Japanese Wagyu Beef

Japanese Wagyu Beef

Kobe meat is among the most sought-after in the world for its culinary preciousness. The Japanese beef is prized for the marbling of its meat, which is unmatched by any other breed. To avoid compromising this great peculiarity, cooking in direct contact with fire is discouraged. Don't miss Rib-Eye, the most famous cut of the Japanese cow.

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Wagyu, the absolute excellence of Japanese meat

While in the Land of the Rising Sun the term Wagyu is used simply to refer to the "Japanese beef," throughout the rest of the globe this word is instead synonymous with a highly prized and legendary dish, the ultimate in beef. One of the most prized and sought-after meat in the world. Indeed, wagyu is an iconic meat, characterized by a unique marbling that gives it excellent qualities.

There is a real grading system for kobe beef, drawn up by the Japan Meat Grading Association according to strict parameters. Basically, this ranking shows the yield grade (A, B or C) and meat quality grade (1-5) of each individual animal.

These two indicators combined together define the beef ranking: the A5 Wagyu is the score that is used to indicate the best possible quality. Then there is an additional index -the BMS: Beff Marbling Standard - certifying the percentage of marbled fat per animal, which is then calculated from 1 (low) to 12 (maximum).

The history of Japanese Wagyu beef

From its origins in the countryside of Kobe Prefecture where they live in a stress free environment, to the cuisine of the most renowned starred restaurants on five continents. That wagyu is considered the "Rolls-Royce" of beef is a matter of common knowledge. Wagyu meat began appearing on Japanese tables relatively recently.

In fact, until the 1870s, the Japanese Empire prohibited the consumption of four-legged animals based on religious restrictions and social customs widely spread throughout the prefectures. Cows, for example, were used only as draught animals.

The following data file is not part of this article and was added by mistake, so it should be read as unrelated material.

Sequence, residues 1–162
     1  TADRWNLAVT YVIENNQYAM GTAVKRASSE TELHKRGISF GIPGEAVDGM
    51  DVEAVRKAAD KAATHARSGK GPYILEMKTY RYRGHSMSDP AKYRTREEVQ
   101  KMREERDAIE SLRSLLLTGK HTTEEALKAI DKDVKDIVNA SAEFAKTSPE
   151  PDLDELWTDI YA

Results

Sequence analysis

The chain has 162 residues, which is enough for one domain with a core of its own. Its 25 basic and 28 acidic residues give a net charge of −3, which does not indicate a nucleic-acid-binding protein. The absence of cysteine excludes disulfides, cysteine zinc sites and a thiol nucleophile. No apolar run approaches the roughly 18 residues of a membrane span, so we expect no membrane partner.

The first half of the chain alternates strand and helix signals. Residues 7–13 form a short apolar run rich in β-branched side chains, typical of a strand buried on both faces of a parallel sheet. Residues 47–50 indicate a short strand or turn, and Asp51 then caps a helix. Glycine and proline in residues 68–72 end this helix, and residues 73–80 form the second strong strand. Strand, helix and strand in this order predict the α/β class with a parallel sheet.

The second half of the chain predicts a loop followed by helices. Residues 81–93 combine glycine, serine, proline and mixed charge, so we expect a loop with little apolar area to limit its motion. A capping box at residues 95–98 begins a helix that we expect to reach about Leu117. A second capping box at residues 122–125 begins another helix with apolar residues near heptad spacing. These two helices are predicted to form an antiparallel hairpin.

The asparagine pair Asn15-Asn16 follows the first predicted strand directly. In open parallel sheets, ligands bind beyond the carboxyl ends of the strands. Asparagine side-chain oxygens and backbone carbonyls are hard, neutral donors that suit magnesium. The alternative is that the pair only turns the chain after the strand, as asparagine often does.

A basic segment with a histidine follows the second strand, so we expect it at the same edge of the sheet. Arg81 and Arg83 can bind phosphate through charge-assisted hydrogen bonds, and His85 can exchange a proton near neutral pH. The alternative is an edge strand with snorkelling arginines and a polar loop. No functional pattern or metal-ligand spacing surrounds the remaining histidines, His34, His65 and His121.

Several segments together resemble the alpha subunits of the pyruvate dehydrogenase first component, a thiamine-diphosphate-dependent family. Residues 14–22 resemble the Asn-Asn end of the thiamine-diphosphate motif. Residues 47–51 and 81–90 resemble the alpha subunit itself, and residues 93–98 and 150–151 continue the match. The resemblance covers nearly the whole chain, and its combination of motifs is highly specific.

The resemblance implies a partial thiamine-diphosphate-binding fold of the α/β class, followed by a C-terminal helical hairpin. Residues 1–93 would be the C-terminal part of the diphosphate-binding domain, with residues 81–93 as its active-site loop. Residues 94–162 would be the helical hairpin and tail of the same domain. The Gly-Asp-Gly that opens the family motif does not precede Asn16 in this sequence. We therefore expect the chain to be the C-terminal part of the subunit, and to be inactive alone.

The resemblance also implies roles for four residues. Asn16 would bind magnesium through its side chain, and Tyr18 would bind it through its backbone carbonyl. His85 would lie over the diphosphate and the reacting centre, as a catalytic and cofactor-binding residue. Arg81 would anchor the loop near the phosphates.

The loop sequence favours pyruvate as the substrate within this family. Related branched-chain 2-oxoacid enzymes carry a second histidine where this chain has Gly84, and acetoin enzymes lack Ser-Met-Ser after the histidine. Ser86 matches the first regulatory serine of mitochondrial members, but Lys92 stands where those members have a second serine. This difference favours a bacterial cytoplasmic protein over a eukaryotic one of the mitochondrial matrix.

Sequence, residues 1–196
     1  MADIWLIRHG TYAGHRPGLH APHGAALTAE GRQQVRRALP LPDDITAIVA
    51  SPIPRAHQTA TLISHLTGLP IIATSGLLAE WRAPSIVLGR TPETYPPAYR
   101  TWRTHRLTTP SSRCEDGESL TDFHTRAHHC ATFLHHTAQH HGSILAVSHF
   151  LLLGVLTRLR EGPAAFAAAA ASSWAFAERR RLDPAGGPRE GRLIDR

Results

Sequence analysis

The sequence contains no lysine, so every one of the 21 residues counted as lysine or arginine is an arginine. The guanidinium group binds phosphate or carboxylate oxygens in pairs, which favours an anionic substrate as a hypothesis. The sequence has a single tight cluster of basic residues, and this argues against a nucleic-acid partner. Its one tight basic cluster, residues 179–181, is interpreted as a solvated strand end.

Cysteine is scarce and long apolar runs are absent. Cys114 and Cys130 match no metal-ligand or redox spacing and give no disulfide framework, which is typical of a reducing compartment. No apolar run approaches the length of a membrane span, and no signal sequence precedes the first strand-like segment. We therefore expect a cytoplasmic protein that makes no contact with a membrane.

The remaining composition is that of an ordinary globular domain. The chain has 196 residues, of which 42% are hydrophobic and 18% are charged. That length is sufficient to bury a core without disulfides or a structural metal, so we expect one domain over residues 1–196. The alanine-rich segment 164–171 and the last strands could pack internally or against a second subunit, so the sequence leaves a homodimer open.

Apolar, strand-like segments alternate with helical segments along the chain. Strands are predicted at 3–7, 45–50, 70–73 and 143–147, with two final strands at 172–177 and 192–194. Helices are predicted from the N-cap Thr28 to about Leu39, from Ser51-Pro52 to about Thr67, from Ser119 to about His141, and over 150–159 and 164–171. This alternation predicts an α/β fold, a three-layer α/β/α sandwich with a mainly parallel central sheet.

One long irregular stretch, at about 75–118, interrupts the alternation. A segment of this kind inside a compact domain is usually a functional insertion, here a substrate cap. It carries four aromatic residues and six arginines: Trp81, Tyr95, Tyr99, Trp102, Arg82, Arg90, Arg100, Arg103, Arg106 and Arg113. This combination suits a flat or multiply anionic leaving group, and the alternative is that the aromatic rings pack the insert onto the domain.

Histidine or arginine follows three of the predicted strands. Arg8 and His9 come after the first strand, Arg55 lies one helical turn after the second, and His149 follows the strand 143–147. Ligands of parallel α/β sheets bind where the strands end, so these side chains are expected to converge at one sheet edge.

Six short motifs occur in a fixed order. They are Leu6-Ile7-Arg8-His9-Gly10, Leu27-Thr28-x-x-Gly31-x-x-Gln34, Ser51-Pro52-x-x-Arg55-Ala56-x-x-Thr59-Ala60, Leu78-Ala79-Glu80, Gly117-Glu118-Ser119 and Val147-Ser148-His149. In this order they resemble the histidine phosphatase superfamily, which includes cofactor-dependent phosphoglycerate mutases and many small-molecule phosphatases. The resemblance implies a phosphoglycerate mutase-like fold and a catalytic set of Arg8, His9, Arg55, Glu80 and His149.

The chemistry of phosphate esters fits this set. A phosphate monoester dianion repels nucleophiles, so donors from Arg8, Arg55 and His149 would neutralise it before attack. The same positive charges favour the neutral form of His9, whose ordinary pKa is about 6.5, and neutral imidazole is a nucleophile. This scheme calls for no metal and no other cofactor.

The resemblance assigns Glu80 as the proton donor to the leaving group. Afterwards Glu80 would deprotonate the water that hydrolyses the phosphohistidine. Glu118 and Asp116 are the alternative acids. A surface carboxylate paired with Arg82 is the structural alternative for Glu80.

However, during the 19th century, under increasing pressure from the great colonial powers, Japan was forced to embark on a new political course of opening up to the West and its trade. In those years, therefore, various European breeds and American Angus began to land on Japanese soil, which were soon crossed with native cattle. From there to considering abstention from beef consumption unreasonable was a very short step.

Toward the end of World War II, in 1944 to be exact, as many as four breeds of wagyu cows were then identified: the black (Kuroge Washu), which accounts for 90 percent of today's domestic wagyu breeds; the brown (Akage Washu) also known as the "red" which accounts for the second largest breed raised; the hornless (Mukaku Washu); and the Shorthorn (Nihon Tankaku Washu), which is only 1 percent of the breeds currently raised.

To date, there are nearly 200 strains of wagyu cattle native to Japan, each with its own characteristics that differ from territory to territory and depending on the techniques and feeds with which they are raised. Among these strains, the most famous is the wagyu from Kobe Prefecture.

The reasons for such fame lie in the standards of excellence that each animal must achieve. Meanwhile, they are all specimens raised within the prefecture and weigh no less than five quintals. Their BMS (the percentage of marbling) cannot be less than 6 and the quality and yield grade of their meat must be at least a 4B. Very strict parameters -which only an average of 3,000 head each year can guarantee.